I Finally Broke Down and Went to Shanghai Disneyland

Disneyland. Ugh. What place on earth better represents the soulless void of American consumer capitalism? Maybe Walt Disney himself wasn’t actually a Nazi sympathizer, but he was anti-union and virulently anti-communist. I figured since I’m living in Communist China, I might as well go visit Shanghai Disneyland.

Cold Winter at Shanghai Disneyland

Winter seemed like the most appropriate time to visit Shanghai Disneyland. Maybe it was the cloudy grey weather or the chilling wind. Or maybe… there were absolutely zero crowds, a rarity in China.

Princess Tower at Shanghai Disneyland

Some of my students told me that they waited two hours or longer to go on rides when they visited Disneyland in the summer. Those poor misguided eight-year-old fools. The best time by far to visit Shanghai Disneyland is in the dead of winter.

We waited in exactly one line. And the whole thing took about fifteen minutes for us to get to the front. Most of that time was wandering through the maze of barricades that were still up to stop the summer crowds. While some people go to Disneyland over multiple days and still don’t see everything, we were able to ride every ride we wanted to in the space of an afternoon.

It’s true that Shanghai Disneyland is a lot smaller than some other Disneylands out there. Still, you’ve got your big hitters like Main Street U.S.A., Tomorrowland, Adventure Island, and the big pink fiberglass princess castle.

We didn’t see any shows or parades. I’m not sure if the schedule was reduced due to COVID-19 controls, or maybe we just missed them. I’m not upset. I just went on rides, and I’m man enough to admit that the rides were actually really fun.

Okay, I’ll admit it. It was fun.

Winnie the Pooh capers at Shanghai Disneyland in China

One of this blog’s themes is that I’m trying to be less of a cynical bastard. I don’t know how well that’s coming across in this particular post, but it’s true. Unfortunately, it’s hard for me not to be a cynical bastard when it comes to the corporate behemoth that is Disney.

But I actually managed to enjoy myself at Shanghai Disneyland. And I like to think I kept my snarky comments to a minimum.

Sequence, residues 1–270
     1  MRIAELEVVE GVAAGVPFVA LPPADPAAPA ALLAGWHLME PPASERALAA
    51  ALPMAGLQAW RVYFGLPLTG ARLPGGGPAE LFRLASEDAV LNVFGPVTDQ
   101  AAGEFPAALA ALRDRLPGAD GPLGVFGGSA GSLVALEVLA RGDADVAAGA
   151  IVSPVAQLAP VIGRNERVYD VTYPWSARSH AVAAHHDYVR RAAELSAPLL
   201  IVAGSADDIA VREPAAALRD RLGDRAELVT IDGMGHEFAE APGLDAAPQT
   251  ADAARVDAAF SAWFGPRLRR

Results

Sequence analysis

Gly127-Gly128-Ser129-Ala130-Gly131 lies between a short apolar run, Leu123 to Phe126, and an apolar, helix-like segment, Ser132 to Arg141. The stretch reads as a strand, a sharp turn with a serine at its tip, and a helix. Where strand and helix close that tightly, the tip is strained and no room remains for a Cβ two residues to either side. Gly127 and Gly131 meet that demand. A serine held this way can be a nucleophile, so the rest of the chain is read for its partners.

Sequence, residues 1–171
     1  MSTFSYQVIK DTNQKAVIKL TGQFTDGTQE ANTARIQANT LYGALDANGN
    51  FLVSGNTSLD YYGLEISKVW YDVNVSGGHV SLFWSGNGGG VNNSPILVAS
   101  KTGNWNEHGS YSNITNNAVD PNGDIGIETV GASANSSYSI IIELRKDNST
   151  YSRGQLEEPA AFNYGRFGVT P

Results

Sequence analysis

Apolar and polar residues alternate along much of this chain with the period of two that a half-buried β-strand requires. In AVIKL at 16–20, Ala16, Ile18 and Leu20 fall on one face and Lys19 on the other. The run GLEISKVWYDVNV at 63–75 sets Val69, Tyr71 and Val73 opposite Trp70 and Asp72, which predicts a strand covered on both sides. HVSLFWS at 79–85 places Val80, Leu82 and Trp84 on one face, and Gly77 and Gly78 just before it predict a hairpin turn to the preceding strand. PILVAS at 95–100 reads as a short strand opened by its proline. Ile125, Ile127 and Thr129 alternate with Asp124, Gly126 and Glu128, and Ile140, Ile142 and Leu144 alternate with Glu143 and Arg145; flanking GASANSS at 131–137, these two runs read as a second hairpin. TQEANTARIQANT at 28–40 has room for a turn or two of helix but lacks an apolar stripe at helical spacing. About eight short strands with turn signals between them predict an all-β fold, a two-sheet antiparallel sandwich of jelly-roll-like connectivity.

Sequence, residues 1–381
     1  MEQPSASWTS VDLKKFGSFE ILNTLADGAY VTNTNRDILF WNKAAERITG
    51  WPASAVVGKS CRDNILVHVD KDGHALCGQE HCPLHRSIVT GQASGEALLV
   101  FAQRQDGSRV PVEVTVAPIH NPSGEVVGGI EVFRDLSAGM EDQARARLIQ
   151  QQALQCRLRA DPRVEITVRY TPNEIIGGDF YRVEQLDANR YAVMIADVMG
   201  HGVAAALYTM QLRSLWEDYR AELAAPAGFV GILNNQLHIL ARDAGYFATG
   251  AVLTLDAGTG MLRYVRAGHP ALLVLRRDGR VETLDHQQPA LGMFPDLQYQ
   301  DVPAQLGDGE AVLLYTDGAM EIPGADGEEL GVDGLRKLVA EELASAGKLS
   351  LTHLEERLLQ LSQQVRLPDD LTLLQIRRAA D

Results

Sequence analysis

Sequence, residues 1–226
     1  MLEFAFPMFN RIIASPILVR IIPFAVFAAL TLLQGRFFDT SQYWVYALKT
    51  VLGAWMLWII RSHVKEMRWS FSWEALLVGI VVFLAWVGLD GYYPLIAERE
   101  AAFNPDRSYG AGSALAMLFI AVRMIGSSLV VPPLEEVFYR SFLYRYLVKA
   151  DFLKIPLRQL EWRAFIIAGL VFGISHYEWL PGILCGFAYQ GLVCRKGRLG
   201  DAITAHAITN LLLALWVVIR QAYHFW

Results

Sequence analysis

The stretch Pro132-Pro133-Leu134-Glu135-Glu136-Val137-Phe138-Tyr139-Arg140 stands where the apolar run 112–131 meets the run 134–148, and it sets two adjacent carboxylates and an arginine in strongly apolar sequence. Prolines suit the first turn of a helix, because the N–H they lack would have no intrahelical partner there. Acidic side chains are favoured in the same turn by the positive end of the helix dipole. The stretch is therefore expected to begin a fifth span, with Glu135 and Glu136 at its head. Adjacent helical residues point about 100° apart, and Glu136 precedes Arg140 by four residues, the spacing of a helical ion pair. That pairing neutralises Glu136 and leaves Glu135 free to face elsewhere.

For one cloudy afternoon, I (mostly) forgot about the Disney corporation’s lumbering monopolization of culture and had some fun. Some attractions were better than others. The princess tower, for example, was cool to look at but pretty stupid inside.

On the other hand, the Pirates of the Caribbean ride was actually awesome. Despite the terrifying vaguely Johnny Depp-looking animatronics, it was pretty cool to imagine I was riding on a magical pirate ship.

The Winnie the Pooh ride was also cool. Yes, there is a fully legal Winnie the Pooh ride operating in China. I have many fond memories of watching the original Winnie the Pooh movie, as well as the TV spinoff “The New Adventures of Winnie the Pooh.” The ride itself was probably objectively more fun if you’re four. My inner four-year-old still enjoyed it.

Finally, can we talk about the Tron ride? I’ve been dying to talk about the Tron ride. It’s located in Tomorrowland, which looks just like an everyday Chinese shopping mall and not very futuristic at all. The ride is located past some corporate branding, down a long tube full of cyber-punk blue lights. You squat down on a plastic motorcycle, then whip around and spin upside down and it’s over in like a minute.

It was probably one of the best roller coasters I’ve ever been on. Although, I think I’m getting too old for that sort of thing because it left me with a pretty sore neck and back.

Tron Ride at Shanghai Disneyland

Shanghai Disneyland is Worth Going to If You Don’t Have Anything Else Going On

Despite the aching neck, I have to admit I had a pretty good time at Shanghai Disneyland. Maybe the magic of Disney cracked through the hard shell of my cynicism. Or maybe it was just the spiced wine I had before going in.

Regular tickets are only 435 RMB, which is like $67 US dollars. The food inside the park was pretty overpriced and awful, but there are restaurants in nearby Disneytown, and you can even bring in your own food.

There are probably a million more interesting things to do in Shanghai, but if you’ve got kids, or even if you just want a cheaper, alternative Disneyland to Florida and California, Shanghai Disneyland might be worth a visit.


So, although I’m still very opposed to the corporate concentration of media ownership, goddamn it, it was fun to go on some rides and relive some fond childhood memories for an afternoon.

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